-Eternal Enemies: Lions And Hyenas

Link to comment
Share on other sites

I love Wilcott's work as well.

The other paleontologist that comes to mind is Winifred Goldring. Her amazing New York State Museum Memoir 16 (available for free download here http://nysl.nysed.gov/uhtbin/cgisirsi/?ps=nThnRHlw0h/NYSL/224340010/523/89769) is my best resource looking for "Devonian Crinoids of New York State".

http://www.nysm.nysed.gov/womenshistory/goldring.html

Link to comment
Share on other sites

I'd like to put in a word for my old friend Tom Bolton, long time paleontologist with the Geological Survey of Canada. Tom did the definitive mapping of the Ontario Silurian, and the Ordovician and Silurian of Anticosti Island, and was one of the last jack-of-all-trades, publishing on Ordovician and Silurian corals, cephalopods, brachiopods, echinoderms, eurypterids, bryozoans, stromatoporoids,and other taxa. He was incredibly enthusiastic about amateur paleontologists, and exceptionally jovial and happy every single time I saw him. I never had to call ahead, I could just drop by and he'd have a pot of coffee on and plenty of time to help me understand my newest "treasure", which often led to a visit to the collections to pull out other examples and stories of collecting on Anticosti and in the Canadian Arctic. Often we'd be joined by his friend and fellow paleontologist Murray Copeland, who got me excited about ostracods. Unfortunately we lost Tom several years ago. It was only when I read his obituary that I learned that he had been seriously wounded in the D-day landing, and developed his interest in geology and fossils while recuperating in Southern Ontario.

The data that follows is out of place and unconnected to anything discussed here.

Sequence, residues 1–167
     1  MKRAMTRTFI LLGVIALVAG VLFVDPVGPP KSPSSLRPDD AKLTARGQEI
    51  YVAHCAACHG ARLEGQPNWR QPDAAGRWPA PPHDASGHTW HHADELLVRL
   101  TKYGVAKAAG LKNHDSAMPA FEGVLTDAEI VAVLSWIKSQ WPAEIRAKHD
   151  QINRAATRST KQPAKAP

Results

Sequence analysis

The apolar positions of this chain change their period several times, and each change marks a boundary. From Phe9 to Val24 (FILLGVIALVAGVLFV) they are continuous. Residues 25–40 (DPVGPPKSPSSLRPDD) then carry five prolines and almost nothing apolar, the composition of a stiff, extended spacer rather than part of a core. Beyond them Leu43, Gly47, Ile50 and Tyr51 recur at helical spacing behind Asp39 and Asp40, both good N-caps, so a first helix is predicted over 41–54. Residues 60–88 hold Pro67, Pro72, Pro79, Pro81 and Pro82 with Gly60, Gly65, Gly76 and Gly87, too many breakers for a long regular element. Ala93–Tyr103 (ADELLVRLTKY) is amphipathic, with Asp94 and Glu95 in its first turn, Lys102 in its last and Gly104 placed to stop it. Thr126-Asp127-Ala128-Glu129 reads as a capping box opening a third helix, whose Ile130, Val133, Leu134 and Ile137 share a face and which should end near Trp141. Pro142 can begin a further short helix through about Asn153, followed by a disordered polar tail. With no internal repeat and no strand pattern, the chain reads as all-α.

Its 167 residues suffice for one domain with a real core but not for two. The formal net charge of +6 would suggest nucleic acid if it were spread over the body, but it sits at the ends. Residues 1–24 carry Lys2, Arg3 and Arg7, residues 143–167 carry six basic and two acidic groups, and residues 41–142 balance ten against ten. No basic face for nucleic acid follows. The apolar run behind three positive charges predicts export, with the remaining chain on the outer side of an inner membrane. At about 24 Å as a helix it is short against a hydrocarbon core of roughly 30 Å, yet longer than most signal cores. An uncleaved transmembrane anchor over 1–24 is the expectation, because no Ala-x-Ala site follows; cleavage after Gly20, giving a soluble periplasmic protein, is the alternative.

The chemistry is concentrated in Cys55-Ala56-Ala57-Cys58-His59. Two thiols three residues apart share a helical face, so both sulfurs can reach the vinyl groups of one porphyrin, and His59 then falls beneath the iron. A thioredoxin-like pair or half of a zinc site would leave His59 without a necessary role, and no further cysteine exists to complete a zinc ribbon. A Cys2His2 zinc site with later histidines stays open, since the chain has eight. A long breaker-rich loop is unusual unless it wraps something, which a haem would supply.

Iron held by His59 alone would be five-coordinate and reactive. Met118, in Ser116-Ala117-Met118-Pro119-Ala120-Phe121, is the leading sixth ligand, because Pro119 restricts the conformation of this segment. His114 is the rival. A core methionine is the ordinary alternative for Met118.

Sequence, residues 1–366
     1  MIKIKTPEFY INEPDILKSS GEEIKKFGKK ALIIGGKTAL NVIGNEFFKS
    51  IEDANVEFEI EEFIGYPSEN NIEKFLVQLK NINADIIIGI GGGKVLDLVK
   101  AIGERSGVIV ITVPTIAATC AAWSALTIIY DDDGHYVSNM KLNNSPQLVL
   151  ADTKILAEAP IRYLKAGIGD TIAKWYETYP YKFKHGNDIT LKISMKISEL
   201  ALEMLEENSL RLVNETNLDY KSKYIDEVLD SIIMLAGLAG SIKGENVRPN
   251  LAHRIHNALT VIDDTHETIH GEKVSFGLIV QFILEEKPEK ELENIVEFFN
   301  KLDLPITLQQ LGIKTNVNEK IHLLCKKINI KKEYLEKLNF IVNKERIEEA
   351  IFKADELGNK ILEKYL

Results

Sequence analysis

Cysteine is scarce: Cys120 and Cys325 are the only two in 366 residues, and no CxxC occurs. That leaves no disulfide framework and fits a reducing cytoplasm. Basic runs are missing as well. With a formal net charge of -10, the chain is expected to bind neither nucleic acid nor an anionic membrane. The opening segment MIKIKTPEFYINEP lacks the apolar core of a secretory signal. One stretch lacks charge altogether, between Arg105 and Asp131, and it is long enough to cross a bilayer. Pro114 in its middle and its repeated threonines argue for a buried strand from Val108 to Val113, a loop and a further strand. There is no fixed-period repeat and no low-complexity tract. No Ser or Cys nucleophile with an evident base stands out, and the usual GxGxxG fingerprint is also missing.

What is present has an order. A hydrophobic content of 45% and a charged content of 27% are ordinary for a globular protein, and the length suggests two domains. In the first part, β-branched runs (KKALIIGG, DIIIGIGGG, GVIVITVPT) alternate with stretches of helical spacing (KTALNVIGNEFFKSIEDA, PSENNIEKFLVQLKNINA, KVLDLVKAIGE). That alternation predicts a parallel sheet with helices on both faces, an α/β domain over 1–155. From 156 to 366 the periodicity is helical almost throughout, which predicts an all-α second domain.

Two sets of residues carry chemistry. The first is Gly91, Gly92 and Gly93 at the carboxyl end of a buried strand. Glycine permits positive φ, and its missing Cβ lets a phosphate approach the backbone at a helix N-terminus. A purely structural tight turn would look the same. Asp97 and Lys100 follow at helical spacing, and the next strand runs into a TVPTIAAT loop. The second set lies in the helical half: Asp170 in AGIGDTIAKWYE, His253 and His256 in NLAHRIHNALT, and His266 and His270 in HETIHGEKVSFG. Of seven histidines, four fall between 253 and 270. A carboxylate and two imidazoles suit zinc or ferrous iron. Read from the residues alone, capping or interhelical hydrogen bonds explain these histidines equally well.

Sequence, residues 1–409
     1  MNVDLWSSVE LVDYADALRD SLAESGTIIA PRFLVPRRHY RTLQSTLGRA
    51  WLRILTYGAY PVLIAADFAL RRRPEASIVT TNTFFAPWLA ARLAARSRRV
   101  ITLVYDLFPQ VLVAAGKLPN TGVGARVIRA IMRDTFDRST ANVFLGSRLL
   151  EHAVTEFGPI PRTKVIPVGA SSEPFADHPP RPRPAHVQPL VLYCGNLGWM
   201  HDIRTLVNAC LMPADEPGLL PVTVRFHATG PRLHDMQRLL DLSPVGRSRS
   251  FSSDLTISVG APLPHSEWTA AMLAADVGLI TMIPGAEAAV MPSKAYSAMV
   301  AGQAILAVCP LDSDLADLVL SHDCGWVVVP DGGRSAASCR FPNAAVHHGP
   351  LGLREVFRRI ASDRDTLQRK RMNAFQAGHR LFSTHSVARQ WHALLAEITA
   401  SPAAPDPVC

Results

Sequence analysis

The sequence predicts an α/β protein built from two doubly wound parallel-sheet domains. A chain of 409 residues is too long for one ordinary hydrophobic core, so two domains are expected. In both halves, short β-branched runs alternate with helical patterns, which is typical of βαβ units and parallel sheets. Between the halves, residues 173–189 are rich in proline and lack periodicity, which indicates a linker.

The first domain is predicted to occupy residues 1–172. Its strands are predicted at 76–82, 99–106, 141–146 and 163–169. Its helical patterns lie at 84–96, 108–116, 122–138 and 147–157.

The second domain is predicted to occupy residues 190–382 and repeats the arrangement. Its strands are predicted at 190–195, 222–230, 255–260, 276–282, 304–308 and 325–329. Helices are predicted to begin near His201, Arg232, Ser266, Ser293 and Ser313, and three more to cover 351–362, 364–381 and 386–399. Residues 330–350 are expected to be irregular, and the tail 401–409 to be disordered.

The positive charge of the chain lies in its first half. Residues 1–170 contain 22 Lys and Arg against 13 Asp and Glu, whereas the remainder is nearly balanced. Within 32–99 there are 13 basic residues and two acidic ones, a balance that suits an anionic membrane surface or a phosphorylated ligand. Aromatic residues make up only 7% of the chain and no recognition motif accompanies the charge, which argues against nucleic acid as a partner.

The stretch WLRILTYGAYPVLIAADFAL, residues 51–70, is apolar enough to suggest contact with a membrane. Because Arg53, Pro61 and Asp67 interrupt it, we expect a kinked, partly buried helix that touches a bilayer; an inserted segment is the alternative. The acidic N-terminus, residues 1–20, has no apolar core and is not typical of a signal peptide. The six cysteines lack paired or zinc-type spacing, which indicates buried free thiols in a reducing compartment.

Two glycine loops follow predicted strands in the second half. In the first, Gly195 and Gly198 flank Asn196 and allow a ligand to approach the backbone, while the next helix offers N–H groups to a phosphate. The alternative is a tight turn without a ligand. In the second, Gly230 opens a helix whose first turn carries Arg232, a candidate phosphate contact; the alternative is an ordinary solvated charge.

Miss you Tom.

Don

  • I found this Informative 2
Link to comment
Share on other sites

  • 4 weeks later...

I admire John Maisey and Steve Holland both of whom are helpful. Steve Holland in particular is fun to correspond with as his passion for the subject shows in his emails. He also has the website http://strata.uga.ed...auna/fauna.html which is very useful for everyone in this area.

I want to add Micheal Coates to this list as he has been very helpfull id'ing these strange Mississippian bradyodont teeth!

Link to comment
Share on other sites

There are some really great names on this list. My personal favorite is Mark Hallet. He lost an arm and part of his leg as a child. He makes a living as a paleo-artist, and he is best know for his work on the movie Jurassic Park. I watched him carve a oviraptor skull from a lump of clay using his one good arm and the nub of his missing one. He loves sharing his knowledge of paleontology with anyone, especially children. He is one of those extremely upbeat individuals who truly has taken "lemons and make lemonade."